Eat, drink, skate in #OurNA: Could it really be that Deaf Gahan would sanction a riverfront skatepark without his personal stamp of monetization mediocrity?


What a refreshing change. It’s very early in the process, but at least so far, David Duggins has not been dispatched with soon-to-be-filled satchels to annex the skatepark transformation in pursuit of a gilded plaque crediting the transformation to Jeff Gahan.

But give ’em time.

After all, in New Gahania all potentially useful ideas must be filtered through the finely tuned suburban brain of Dear Leader before coming to fruition — and what’s more, dots will need to be connected for proper campaign finance monetization prior to the parks department folding the skatepark into its fee structure.

But for now, the first giddy weeks of creative freedom. Enjoy it while it lasts.

RENOVATE, CREATE, SKATE: Group plans to transform New Albany riverfront skatepark into skate-able work of public art, by John Boyle (Hanson’s No-Questions-Asked Ad Aggregator)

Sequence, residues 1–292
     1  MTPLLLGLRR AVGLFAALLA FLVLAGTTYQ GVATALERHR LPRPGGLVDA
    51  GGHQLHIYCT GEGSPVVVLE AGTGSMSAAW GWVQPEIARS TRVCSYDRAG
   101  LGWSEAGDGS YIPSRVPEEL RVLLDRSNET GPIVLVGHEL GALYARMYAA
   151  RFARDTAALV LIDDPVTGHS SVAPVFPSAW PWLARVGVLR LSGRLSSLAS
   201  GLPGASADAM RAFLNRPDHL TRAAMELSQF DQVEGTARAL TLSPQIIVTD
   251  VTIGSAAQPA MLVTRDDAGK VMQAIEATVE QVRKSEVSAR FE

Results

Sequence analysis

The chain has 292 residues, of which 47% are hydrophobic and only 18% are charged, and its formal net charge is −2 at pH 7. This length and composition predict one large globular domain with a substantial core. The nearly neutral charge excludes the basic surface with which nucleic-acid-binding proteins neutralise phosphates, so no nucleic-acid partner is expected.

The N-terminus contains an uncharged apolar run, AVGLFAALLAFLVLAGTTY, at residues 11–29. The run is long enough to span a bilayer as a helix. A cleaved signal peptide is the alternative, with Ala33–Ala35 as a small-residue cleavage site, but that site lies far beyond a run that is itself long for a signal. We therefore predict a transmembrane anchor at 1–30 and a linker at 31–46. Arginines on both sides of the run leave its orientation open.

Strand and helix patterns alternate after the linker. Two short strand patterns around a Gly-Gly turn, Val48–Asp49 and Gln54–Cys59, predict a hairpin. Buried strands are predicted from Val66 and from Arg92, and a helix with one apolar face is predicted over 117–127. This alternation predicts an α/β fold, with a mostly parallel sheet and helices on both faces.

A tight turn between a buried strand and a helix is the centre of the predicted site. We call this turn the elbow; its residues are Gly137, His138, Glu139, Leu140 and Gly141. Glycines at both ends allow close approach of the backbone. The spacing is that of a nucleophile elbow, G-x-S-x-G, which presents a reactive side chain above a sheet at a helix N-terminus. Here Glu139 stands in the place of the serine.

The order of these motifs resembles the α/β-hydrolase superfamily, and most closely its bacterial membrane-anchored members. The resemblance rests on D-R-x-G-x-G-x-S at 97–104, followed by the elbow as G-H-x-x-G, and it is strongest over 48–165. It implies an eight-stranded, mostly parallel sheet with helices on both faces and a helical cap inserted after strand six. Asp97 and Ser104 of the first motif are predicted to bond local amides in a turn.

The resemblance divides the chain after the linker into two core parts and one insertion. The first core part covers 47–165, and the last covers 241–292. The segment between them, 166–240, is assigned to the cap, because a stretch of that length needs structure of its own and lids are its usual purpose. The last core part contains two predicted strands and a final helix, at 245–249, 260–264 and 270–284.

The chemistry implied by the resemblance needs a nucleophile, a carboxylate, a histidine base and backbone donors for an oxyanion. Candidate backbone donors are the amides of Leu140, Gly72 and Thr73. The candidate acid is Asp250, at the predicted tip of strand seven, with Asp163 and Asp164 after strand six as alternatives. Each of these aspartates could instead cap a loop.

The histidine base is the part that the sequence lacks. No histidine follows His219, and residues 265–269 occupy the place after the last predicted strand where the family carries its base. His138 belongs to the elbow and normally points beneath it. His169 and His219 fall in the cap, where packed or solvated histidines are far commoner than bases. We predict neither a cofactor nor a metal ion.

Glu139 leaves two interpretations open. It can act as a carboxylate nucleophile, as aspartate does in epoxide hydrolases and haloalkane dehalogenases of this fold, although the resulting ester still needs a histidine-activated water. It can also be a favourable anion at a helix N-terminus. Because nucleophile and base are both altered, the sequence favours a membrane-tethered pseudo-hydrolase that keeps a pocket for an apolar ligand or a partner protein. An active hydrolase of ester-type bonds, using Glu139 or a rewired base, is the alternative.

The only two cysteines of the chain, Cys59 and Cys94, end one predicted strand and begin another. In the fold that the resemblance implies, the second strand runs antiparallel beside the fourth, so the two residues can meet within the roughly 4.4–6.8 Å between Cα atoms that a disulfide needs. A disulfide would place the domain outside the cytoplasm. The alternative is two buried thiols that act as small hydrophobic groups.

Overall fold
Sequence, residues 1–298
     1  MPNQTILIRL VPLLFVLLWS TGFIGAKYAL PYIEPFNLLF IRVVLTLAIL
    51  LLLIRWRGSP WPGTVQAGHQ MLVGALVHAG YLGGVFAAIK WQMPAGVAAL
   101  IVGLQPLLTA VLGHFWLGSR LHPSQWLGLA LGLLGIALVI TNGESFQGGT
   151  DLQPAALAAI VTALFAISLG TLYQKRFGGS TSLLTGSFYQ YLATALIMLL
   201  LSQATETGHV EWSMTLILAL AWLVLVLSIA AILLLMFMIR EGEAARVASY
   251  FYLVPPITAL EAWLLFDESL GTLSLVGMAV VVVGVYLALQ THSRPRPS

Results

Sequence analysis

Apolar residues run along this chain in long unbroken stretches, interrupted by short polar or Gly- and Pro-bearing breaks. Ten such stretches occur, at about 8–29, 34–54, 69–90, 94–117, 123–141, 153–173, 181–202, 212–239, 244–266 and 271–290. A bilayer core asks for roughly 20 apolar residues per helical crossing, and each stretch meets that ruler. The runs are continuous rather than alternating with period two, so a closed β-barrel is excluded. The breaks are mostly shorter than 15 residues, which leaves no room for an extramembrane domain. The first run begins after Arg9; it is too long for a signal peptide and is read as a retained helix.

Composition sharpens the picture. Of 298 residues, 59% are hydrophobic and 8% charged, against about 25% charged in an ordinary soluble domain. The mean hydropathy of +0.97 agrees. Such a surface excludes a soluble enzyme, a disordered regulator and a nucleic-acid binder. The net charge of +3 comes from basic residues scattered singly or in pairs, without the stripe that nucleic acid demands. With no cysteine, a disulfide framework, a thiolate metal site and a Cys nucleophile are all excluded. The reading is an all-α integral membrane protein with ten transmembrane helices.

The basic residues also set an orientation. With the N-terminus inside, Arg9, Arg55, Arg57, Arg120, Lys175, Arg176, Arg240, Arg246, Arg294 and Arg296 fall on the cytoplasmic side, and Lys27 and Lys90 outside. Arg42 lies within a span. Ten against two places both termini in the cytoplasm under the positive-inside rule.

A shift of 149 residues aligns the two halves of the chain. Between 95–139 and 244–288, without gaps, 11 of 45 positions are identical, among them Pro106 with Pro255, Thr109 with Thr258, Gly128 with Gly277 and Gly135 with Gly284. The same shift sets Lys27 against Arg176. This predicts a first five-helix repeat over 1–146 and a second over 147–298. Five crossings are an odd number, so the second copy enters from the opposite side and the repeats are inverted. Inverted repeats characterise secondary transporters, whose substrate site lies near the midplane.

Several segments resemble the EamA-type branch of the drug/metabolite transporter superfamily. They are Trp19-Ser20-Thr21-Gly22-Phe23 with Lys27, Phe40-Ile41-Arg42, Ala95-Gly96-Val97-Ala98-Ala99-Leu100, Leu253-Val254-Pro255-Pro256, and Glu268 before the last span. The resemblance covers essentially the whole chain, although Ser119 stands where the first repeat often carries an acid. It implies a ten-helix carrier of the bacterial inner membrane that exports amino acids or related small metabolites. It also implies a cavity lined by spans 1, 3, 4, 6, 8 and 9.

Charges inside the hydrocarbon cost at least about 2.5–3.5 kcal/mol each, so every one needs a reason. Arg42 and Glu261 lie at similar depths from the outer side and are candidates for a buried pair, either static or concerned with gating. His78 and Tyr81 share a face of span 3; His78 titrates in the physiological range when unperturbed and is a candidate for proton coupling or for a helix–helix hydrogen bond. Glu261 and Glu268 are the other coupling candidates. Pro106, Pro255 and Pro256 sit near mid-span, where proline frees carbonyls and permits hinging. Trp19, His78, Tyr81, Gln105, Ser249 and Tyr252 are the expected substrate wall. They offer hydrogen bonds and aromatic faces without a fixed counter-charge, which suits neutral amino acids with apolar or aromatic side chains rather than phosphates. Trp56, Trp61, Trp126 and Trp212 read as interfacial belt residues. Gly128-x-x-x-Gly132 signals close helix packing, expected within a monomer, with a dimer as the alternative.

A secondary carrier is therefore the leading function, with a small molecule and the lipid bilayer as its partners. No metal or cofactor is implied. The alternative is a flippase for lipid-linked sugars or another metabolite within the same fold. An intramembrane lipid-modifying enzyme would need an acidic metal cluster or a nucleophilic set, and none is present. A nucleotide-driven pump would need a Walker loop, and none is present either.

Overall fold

NEW ALBANY — A collaboration to transform New Albany’s riverfront skatepark is currently in the works.

On Saturday, the Carnegie Center for Art & History hosted a brainstorming session for the community to share ideas about how the park can be improved.

“Today, we invited anyone from the community who’s interested in the skatepark.” said Daniel Pfalzgraf, curator at the Carnegie Center. “The park is a little old and worn down. It’s been around since the ’90s. We want to fix some of the things that aren’t quite right with it and add new features. We want to do it in a way that’s visually stimulating so people walking along the top of the flood wall will see this interesting visual piece of artwork. It’s also an opportunity to come down here and engage with art, skating it and figuring out ways creative ways of navigating through the features of the space.”

The plan is to transform the park into a skate-able work of public art. In order to do that, Pfalzgraf wants input from a variety of members of the surrounding community.

“We want to have kids, skaters, art students, grandparents, whoever to submit ideas of things that they think will look cool,” Pfalzgraf said. “Sculptural works that can be skated, things like that. We want to have that personal buy-in to this space and the city. In 10 or 20 years, somebody can be walking by with their kids and say they helped design that.”